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Aug 09
How to manage client and peer expectations blog post

How to manage client & peer expectations

Choozle is a company just like any other.

We have teammates to prove ROI to, colleagues across teams to explain processes to, and customers to do our best for. We also run campaigns—both within the Choozle platform and outside of it—so we get the importance of ensuring budgets are well spent and, even more importantly, our bosses are kept in the loop about it.

We’re taking a few cues from classic relationship-building techniques to learn how to manage expectations effectively and efficiently both within teams and when working with clients.


Do: underpromise

It’s hard enough to sit directly across from someone and restrain yourself from promising the world, but throw a client whose business you’re trying to gain, and it can be nearly impossible. Saying maybe to something that’s more of a definitely not but I don’t want to lose your business is going to land you in hot water; all they can hear is yes.

It’s always better to give your team some cushion so that you can end up delivering above and beyond and ahead of schedule, almost like you never even planned to in the first place.

Do: help educate based on similar campaigns

Because programmatic industry trends, averages, and expectations can sometimes land all over the place, it’s important to communicate these things right in the beginning. You’re the expert; offering candor about what can and cannot be achieved within their specific constraints will surely be appreciated.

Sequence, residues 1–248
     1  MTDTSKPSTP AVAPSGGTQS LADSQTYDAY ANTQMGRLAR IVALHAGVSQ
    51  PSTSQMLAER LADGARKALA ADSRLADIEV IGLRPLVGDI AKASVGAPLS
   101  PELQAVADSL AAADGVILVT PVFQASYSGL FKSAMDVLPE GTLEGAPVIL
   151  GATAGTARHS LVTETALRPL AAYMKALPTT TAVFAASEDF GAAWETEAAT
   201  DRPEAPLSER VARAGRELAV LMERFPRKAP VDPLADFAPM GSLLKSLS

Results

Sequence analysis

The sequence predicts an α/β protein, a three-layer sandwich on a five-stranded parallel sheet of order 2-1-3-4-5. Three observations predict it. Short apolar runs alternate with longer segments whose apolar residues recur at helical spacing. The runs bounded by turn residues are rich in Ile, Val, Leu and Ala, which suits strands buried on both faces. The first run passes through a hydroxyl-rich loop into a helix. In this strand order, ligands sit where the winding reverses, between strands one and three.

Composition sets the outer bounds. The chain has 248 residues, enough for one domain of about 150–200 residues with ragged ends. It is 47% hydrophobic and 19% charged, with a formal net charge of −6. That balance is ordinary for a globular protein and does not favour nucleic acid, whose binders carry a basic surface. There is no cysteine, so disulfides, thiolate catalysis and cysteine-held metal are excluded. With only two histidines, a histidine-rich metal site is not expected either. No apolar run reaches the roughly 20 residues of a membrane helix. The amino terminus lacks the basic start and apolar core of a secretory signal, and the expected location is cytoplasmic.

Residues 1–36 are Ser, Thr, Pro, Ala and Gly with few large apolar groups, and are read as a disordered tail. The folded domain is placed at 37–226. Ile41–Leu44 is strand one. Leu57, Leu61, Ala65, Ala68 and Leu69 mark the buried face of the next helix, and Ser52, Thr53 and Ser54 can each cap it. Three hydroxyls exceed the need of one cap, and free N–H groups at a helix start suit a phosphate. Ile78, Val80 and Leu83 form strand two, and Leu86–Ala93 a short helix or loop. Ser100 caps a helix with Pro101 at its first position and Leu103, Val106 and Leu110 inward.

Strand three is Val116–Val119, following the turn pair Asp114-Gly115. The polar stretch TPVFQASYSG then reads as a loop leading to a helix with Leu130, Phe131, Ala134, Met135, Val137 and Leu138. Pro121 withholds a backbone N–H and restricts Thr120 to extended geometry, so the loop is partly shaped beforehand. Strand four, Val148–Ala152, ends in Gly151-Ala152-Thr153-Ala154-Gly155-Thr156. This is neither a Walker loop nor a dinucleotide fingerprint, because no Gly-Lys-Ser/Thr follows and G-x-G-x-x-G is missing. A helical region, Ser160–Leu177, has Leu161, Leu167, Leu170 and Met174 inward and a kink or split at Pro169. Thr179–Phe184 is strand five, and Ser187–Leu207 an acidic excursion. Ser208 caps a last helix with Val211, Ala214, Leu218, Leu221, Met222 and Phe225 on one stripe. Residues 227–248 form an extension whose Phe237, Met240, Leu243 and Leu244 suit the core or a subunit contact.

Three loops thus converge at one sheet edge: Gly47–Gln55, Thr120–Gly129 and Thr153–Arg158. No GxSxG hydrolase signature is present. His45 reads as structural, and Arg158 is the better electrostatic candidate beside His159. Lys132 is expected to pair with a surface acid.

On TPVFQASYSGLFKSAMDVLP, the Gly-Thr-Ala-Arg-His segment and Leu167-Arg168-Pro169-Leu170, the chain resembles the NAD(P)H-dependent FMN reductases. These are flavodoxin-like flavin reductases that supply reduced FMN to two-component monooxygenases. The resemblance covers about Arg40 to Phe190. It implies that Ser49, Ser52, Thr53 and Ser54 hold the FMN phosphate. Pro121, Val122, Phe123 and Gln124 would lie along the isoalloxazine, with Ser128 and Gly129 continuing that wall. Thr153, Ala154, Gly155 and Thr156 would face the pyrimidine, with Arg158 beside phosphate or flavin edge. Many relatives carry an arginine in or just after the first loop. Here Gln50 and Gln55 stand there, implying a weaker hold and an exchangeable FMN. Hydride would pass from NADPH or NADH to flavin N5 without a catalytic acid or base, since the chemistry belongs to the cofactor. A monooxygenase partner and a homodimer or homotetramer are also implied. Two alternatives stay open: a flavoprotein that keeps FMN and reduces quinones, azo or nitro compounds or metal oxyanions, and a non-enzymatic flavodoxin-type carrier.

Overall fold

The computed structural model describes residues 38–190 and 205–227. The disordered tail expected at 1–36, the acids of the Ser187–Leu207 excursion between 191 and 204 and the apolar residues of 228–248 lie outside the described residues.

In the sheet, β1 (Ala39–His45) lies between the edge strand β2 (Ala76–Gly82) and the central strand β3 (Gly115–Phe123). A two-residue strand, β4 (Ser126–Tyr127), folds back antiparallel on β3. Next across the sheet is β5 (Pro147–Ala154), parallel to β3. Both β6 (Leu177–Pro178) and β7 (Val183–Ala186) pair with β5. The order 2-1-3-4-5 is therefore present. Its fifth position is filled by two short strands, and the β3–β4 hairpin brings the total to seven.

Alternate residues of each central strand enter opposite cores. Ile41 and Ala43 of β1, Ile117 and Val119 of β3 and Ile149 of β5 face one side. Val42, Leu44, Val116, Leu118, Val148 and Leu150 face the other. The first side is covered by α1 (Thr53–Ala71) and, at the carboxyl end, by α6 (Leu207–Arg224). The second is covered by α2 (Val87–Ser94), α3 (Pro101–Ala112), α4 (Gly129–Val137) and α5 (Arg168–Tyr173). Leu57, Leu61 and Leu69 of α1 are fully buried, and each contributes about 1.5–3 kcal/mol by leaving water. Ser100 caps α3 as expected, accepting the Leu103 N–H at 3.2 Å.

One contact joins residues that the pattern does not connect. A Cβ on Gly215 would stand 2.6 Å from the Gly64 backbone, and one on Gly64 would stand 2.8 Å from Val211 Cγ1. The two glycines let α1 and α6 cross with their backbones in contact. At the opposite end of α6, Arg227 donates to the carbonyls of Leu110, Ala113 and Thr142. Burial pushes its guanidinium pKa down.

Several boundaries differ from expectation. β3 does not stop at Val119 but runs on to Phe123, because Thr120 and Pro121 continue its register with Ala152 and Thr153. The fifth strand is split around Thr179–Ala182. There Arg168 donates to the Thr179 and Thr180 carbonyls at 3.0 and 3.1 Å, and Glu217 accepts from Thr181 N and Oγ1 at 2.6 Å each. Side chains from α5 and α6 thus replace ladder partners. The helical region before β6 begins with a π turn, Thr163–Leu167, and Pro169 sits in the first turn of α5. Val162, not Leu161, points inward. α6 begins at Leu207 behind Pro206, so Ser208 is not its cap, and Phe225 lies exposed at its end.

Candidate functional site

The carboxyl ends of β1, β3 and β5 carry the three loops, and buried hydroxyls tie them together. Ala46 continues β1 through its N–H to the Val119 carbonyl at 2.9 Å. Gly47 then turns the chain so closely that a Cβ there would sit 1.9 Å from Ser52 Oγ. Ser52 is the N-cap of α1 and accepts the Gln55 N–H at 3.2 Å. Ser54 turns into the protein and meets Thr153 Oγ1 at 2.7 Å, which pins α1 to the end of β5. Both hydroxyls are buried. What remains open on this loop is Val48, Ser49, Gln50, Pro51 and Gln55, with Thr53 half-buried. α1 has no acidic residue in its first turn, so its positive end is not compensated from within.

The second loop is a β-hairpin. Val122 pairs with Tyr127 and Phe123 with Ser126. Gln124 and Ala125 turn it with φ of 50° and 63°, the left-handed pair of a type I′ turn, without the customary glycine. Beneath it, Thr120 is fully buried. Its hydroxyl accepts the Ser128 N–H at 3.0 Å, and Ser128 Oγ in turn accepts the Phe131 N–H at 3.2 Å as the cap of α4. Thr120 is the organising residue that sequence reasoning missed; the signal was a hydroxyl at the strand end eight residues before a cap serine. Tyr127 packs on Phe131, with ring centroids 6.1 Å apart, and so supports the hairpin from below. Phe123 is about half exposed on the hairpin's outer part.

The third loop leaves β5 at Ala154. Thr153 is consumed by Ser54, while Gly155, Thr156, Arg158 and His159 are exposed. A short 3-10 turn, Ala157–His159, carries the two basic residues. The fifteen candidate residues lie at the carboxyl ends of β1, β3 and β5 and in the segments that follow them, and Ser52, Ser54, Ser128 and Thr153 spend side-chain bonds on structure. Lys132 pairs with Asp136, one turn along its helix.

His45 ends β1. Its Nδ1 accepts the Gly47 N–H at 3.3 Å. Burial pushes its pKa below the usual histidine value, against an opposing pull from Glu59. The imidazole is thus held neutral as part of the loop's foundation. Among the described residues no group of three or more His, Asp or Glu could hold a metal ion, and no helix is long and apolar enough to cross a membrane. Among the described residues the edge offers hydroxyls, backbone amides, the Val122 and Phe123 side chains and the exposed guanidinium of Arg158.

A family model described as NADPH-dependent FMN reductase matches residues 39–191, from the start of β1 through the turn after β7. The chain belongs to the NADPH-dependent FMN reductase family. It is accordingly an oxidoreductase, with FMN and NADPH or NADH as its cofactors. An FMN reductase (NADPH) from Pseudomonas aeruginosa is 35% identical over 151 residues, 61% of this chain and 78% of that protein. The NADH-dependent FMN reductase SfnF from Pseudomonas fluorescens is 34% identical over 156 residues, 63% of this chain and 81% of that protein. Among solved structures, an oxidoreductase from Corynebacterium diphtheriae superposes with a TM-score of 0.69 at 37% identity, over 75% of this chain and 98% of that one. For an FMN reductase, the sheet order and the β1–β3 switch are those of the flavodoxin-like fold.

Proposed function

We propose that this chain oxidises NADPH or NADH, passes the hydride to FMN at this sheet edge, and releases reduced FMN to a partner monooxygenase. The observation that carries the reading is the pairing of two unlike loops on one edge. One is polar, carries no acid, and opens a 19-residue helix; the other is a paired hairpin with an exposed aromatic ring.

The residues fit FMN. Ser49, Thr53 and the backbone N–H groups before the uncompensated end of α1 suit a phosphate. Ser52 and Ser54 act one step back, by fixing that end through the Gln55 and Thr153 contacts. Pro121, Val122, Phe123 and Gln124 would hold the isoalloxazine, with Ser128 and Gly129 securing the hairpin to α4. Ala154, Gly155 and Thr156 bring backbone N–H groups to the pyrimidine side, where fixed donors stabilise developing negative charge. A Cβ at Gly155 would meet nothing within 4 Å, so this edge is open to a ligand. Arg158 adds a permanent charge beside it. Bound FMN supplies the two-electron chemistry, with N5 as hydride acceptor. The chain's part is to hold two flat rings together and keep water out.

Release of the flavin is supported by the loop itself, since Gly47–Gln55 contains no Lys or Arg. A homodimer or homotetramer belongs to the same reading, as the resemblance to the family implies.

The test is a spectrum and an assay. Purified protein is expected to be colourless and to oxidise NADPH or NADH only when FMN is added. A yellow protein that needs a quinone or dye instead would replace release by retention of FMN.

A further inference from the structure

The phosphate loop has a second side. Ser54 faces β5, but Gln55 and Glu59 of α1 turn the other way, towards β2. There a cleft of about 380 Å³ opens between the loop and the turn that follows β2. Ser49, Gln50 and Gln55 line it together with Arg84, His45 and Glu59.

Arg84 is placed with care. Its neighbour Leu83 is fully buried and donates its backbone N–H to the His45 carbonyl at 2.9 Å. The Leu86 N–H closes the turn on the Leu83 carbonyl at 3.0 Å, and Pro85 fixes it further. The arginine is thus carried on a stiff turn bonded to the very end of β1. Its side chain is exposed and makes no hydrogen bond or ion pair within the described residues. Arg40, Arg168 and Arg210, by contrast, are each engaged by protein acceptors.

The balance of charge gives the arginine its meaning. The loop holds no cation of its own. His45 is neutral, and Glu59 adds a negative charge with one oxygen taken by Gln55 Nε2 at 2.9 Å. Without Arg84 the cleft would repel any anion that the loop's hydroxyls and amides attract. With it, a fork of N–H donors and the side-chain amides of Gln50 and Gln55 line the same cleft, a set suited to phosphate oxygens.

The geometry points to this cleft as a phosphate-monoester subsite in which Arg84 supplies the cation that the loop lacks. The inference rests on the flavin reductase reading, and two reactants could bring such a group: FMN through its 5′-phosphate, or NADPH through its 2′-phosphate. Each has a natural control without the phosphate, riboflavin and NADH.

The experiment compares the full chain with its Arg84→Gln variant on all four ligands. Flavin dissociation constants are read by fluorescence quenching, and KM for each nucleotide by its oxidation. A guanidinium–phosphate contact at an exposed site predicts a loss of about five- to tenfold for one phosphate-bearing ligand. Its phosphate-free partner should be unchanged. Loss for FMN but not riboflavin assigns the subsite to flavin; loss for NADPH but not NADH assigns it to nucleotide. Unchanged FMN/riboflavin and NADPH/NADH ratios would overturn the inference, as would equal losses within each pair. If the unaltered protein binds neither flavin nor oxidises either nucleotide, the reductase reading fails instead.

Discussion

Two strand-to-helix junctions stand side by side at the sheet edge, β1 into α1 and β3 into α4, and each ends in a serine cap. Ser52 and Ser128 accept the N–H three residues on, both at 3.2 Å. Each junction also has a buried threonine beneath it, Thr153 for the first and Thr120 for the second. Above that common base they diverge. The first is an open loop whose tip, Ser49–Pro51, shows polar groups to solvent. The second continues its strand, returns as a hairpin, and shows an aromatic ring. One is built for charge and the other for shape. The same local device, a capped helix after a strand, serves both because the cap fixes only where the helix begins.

Do: overcommunicate

People don’t like to be left in the dark for days on end (especially when hard-earned dollars are involved). Share even the smallest of campaign wins, already-solved errors, progress marks, and check-ins even when there’s no new news to report. Communication has always been key but with these matters, we believe overcommunication is your best bet for keeping everyone on the same page.

Do: be consistent & honest

Call us old school, but we believe honesty is the best policy. If something goes awry, it’s important to keep both your peers and clients in the loop. Furthermore, we’re assuming you’re like most of us—tight deadlines and higher-ups to take impressive numbers back to. Remaining consistent in all the ways we pointed out above will help to ease any qualms both customers and co-workers are having.


At the end of the day, casually speaking, it would be a real bummer if we unrealistically overpromised results to both our internal teams and our customers, but it can be tough not to do that when you want to do your best for people you respect (and who are paying your bills).

Keep these four things in mind to make sure everyone is on the same page and you’re sure to succeed.

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